Collective redundancy timescale is halved

Year Published: 2013

The Government has announced its intention to reduce the minimum consultation period for collective redundancies involving more than 100 employees from 90 days to 45 days.

However, employees working under a fixed term contract will be excluded. ACAS have been asked to produce a non-statutory code of guidance and both the changes in legislation and the new code are due to come into force on 6 April 2013.

The current law

The current law regarding collective redundancies is contained within the Trade Union and Labour Relations Consolidation Act 1992 and provides the following:

  • Under 20 employees: No mandatory time scales for collective consultation, however case law has confirmed that consultation must be reasonable.
  • Between 20 and 99 employees: At least 30 days consultation.
  • Over 100 employees: At least 90 days consultation.

The obligation to consult only arises where there are more than 20 dismissals proposed at “one establishment”. There have been a number of confusing and conflicting decisions in the courts regarding the meaning of establishment and within the new legislation the government have tried to rectify this.

The changes – reducing the 90 day period to 45 days

Where an employer plans to make 100 or more employees redundant, the period for consulting with those employees and / or their representatives will be reduced from 90 days to 45 days.

Although, employers should consult for more than 45 days where it is necessary to do so. The government have not defined the latter part of this consultation caveat.

By reducing the consultation period by half the government has said that employers will be able to restructure more effectively providing them with greater flexibility. It will also have an impact on costs as employers will no longer need to meet the wages of the employees for 90 days and then make redundancy, notice and annual leave payments.

Employees may also benefit from the reduction as this will reduce their period of uncertainty and further limit the impact on morale and productivity.

The 30 day consultation period for the proposed redundancies of 20 to 99 will remain at 30 days.

ACAS Code of Practice

ACAS will produce a non-statutory code of practice to provide guidance on meaningful consultation and how to effectively deal with difficult issues. The code cannot be statutory due to the nature of redundancy and the individual needs which would need to be covered in collective consultation. The code will be produced to address:

• When consultation should commence.
• What should be covered during that period of consultation.
• Who should be consulted and what should be discussed.
• How the consultation should be conducted including unusual circumstances.
• When consultation has concluded.
• The meaning of establishment.

What is “establishment?”

Due to the wide range of factors that affect the meaning of establishment the government has chosen not to define it within the legislation, however the ACAS code will provide guidance on the definition and provides a number of factors to be considered; including:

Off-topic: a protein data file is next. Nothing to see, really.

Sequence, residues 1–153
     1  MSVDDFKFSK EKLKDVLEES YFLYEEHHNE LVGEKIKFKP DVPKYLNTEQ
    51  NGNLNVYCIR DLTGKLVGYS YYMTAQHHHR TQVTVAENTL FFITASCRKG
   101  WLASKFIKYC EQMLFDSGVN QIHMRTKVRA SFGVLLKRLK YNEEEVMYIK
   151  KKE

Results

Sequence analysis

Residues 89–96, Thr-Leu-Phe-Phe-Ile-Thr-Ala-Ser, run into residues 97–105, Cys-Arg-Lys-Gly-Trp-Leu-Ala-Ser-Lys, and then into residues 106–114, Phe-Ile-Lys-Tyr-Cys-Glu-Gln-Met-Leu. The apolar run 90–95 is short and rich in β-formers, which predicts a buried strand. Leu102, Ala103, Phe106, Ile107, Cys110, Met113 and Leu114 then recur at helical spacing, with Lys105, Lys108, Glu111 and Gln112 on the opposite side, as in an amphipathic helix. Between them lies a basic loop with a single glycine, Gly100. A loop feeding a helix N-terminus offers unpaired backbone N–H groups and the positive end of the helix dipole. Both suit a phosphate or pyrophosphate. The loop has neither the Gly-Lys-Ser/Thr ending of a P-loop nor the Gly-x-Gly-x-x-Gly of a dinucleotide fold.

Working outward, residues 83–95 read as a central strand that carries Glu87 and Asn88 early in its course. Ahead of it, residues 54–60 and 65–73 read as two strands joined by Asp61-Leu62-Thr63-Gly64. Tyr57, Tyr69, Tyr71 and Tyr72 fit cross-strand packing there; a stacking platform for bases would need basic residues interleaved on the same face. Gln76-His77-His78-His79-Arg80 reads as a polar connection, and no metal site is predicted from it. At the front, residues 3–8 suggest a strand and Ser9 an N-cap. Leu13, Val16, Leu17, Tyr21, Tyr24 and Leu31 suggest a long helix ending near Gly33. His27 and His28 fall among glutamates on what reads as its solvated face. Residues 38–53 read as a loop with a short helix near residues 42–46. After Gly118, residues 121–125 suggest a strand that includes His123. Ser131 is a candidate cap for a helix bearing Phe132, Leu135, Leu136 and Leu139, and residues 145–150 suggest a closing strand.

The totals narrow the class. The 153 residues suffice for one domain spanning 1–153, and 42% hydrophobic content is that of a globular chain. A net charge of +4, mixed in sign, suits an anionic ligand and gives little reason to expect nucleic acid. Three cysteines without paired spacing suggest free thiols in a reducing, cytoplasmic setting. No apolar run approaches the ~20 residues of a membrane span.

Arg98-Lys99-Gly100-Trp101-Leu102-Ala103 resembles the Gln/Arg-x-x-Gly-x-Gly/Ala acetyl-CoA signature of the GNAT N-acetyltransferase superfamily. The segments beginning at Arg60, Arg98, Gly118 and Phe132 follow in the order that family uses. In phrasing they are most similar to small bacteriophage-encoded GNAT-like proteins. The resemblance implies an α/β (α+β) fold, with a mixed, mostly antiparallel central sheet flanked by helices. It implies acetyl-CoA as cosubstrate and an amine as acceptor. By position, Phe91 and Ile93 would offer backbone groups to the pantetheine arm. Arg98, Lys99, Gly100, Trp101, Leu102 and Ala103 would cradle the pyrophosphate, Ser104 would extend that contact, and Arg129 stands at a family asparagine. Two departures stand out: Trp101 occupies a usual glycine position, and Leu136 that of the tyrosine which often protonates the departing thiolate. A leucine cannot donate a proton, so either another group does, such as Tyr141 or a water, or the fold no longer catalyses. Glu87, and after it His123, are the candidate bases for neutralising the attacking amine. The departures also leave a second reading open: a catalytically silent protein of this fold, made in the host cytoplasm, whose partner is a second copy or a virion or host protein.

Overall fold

• Location.
• Structure.
• Autonomy (financial and managerial).
• Cohesion of the workforce.
• Nature of the work undertaken.
• Contractual relationship between the employer and employee.

These factors are already considered by the Employment Tribunal in defining “establishment” however ACAS will place them formally within their code to assist employers in their decision making process.

Exclusion of fixed term contracts

Due to the changing nature case law the government has expressly excluded the expiration of fixed term contracts from the legislation. Any employee whose contract is due to end will not be included in any collective consultation. Employees who are not due to end their contract in the near future should still be included within the consultation.

How does this affect employers?

If employers are considering making large scale redundancies, this legislation may significantly reduce the costs burden imposed on them at a time when they need to save money. It does not reduce the cost burden on any employer proposing to dismiss under 100 employees.

It is unlikely to have any significant effect on the majority of businesses as they are unlikely to have to make more than 100 people redundant at one time and may be seen as mere publicity by the government to give the illusion of making significant changes in the employment law but having minimal impact.

By specifically excluding employees on fixed term contracts, employers could start to use them more often and collective consultation could fall below the 45 day requirement or even fall outside the collective consultation requirements altogether, allowing them more flexibility and ease to restructure the workforce effectively.

Employers must also consider the caveat that consultation should exceed the 45 days where necessary as merely complying with the statutorily required timescale does not automatically mean that reasonable and meaningful consultation has taken place and does not negate any claim for unfair dismissal.

For further information on the changes above, please contact our Employment team.

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